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Table of Contents
Vol. 115, No. 1, 1998
Issue release date: January 1998
Int Arch Allergy Immunol 1998;115:67–72
(DOI:10.1159/000023832)

IgE /Anti-IgE Immune Complexes in Sera from Patients with Crohn’s Disease Do Not Contain Food-Specific IgE

Huber A. · Genser D. · Spitzauer S. · Scheiner O. · Jensen-Jarolim E.
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Abstract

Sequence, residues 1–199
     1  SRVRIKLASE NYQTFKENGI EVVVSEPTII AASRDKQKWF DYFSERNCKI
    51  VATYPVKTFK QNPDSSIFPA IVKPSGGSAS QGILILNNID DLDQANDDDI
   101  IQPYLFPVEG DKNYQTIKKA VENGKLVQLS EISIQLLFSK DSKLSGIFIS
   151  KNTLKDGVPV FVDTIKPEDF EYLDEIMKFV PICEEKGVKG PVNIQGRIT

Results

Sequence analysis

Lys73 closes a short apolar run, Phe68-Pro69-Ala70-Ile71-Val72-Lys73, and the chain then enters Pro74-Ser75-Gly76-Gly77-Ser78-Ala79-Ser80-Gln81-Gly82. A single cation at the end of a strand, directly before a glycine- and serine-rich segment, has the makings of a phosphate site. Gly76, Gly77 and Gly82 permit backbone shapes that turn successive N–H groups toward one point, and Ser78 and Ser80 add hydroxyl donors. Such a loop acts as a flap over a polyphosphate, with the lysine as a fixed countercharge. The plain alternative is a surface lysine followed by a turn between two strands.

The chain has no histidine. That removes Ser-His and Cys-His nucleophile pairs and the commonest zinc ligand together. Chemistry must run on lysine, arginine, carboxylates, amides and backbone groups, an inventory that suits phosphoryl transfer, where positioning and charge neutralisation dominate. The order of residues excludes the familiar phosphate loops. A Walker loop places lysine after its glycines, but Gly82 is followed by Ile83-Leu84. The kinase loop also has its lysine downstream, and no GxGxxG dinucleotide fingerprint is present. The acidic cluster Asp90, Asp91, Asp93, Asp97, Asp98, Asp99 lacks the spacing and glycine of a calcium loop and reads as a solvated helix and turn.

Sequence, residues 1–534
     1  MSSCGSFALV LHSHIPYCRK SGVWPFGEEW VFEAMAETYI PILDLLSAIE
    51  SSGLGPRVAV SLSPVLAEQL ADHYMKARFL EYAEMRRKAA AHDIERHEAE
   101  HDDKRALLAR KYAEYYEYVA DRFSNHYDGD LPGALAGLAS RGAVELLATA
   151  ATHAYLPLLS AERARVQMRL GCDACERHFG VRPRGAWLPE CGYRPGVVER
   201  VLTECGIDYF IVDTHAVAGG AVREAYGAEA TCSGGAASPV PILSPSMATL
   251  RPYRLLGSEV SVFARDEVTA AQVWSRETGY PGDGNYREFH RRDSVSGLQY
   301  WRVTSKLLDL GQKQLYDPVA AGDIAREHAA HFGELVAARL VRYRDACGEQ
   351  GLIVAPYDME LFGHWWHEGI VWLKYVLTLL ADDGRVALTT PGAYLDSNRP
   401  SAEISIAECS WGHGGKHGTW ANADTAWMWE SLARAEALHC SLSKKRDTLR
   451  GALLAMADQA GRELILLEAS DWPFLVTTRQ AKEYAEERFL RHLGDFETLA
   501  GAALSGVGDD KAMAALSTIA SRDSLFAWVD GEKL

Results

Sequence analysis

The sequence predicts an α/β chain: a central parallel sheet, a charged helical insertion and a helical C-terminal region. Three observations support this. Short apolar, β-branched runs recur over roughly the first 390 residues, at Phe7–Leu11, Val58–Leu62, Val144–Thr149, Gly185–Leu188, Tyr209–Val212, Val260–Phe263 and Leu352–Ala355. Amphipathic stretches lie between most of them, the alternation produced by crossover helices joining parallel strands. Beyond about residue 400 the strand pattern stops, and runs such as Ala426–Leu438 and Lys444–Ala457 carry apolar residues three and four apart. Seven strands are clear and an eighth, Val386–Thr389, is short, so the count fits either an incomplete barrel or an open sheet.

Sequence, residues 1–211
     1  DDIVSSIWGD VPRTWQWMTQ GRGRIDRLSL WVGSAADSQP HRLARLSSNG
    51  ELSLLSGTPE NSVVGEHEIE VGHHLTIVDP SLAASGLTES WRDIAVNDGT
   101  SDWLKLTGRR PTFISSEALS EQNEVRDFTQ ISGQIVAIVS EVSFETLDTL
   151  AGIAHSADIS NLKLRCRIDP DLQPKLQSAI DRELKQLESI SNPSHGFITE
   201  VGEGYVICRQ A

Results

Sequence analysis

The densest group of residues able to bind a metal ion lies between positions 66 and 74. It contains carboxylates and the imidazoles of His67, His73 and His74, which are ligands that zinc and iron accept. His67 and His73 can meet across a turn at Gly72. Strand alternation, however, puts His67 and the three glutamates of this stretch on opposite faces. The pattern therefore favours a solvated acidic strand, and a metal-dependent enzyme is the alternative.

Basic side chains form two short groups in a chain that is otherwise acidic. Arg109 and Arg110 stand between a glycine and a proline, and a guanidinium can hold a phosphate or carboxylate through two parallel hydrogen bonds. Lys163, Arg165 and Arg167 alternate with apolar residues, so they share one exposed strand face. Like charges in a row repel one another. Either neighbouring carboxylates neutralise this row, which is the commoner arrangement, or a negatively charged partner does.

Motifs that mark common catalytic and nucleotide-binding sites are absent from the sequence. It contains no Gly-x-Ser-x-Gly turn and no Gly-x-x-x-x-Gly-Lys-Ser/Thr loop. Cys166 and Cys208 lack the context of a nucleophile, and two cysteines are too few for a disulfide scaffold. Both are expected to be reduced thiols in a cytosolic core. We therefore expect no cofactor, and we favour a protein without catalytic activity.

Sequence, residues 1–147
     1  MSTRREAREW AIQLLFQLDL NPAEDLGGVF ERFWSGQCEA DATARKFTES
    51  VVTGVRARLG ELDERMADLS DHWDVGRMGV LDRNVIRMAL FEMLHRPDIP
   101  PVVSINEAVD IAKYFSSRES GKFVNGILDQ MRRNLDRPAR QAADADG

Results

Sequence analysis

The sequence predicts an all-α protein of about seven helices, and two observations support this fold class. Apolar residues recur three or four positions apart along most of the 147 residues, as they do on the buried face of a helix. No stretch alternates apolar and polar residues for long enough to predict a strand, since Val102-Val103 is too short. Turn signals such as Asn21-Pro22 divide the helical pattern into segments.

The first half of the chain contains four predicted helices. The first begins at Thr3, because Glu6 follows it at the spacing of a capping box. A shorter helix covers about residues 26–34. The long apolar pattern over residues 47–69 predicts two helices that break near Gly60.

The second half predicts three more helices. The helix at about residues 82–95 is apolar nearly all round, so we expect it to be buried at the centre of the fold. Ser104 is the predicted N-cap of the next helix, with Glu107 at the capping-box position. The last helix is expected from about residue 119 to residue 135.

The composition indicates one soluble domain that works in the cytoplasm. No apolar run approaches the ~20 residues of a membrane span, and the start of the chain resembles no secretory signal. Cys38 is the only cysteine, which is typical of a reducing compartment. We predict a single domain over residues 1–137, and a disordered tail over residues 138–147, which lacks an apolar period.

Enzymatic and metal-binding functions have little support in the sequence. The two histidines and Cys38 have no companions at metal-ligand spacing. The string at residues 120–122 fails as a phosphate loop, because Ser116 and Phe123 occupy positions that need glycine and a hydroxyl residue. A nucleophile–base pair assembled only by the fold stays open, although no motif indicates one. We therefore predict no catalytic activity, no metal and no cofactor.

Background: An association of Crohn’s disease (CD) with food allergy has been discussed, but the role of food-specific IgE has not been clarified yet. Since CD is combined with immune complex formation, we examined in the present study whether anti-IgE autoantibodies in such complexes might hinder the determination of specific IgE. Methods: In order to elucidate the role of food-specific IgE in CD, we tested sera from CD patients (n = 107), healthy controls (n = 65) and allergics subjects (n = 7) for their IgE binding to food antigens (yeast, corn, celeriac, wheat) by an immunodot assay. After determining levels of IgE/IgG anti-IgE immune complexes, we purified them from serum pools of patients with CD, allergic subjects and healthy controls by affinity absorption using a monoclonal anti-IgE antibody. These purified immune complexes were treated by low pH (pH = 4) in order to dissolve them and to increase the detectability of food-specific IgE by RAST and CAP assay. Results: In CD sera no food-specific IgE could be detected, but levels of immune complexes of IgE and IgG anti-IgE autoantibodies were statistically significantly increased compared to healthy controls. pH treatment of purified IgE/IgG anti-IgE immune complexes resulted in a significant increase in specific IgE to yeast, corn, wheat and celeriac detected by RAST, however, only in the serum sample purified from allergic subjects. After pH treatment of CD immune complexes, specific IgE levels remained still very low. Conclusion: Thus, even if IgE seems to represent an autoantigen in CD, it is unlike to specifically participate in the pathophysiology of the putative food adverse reactions.



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